Thompson’s discharge. However, it is clear that such purchase was for an improper purpose.
Harassment borne out of marital acrimony and divorce is not a proper purpose. “The right to object
to a debtor’s discharge is not a marketable commodity which may be purchased by one party from
another in order to inflict further punishment and discomfort upon the debtor.” Young v. Beugen (In
re Beugen), 99 B.R.961 at 965 (BAP 9th Cir. 1989).
Kentor filed this adversary proceeding in
March of 2005. He did not purchase the Pool & Spa claim of $598.00 until November 21, 2005
eight (8) months after the adversary filing and nineteen (19) days after Dr. Thompson filed her
Motion for Summary Judgment objecting to his standing. Pool & Spa Services did not file a proof
of claim in this bankruptcy proceeding and, therefore, Kentor cannot share in any distributions that
may be available. It is obvious that Kentor purchased the claim for the sole purpose of attempting
to validate his standing in order to pursue this action and presumably extract his “pound of flesh”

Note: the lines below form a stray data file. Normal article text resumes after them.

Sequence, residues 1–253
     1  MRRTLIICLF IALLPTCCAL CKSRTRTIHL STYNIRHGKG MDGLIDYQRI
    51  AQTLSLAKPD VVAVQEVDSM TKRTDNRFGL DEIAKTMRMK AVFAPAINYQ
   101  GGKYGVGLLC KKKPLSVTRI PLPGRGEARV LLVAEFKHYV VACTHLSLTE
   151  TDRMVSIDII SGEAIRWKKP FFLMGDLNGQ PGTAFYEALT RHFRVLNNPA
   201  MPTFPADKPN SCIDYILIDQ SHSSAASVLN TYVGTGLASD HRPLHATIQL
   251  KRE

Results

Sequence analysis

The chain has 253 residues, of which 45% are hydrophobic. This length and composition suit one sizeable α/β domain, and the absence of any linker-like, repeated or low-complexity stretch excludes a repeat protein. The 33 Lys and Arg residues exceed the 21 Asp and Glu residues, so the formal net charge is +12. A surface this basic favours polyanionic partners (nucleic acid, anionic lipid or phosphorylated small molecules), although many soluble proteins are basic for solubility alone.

for whatever injuries, real or imagined, he feels were inflicted upon him during his marriage to Dr.
Thompson. The Court will not allow Kentor to manipulate the court system this way.
Kentor’s stronger standing argument is the fact that he has co-signer status on the Meredith
Loan. The Divorce Decree did not alter or affect either parties’ liability under the note. The
uncontested summary judgment evidence establishes that Kentor and Dr. Thompson are jointly and
severally liable on the Meredith Loan. Mr. Meredith is the holder of an allowed unsecured claim,
and Dr. Thompson has acknowledged that debt in her schedules. Because Kentor had a contingent
right of contribution against Dr. Thompson at the time of filing, those rights are sufficient to
establish his “claim”under the Bankruptcy Code and sufficient to provide “standing” for his
challenge to Dr. Thompson’s discharge under §727.
Section 727(c)(1) provides that “the trustee, a creditor, or the United States Trustee may
object to the granting of a discharge” under Section 727(a). 11 U.S.C. §727(c)(1)(West 2006). Any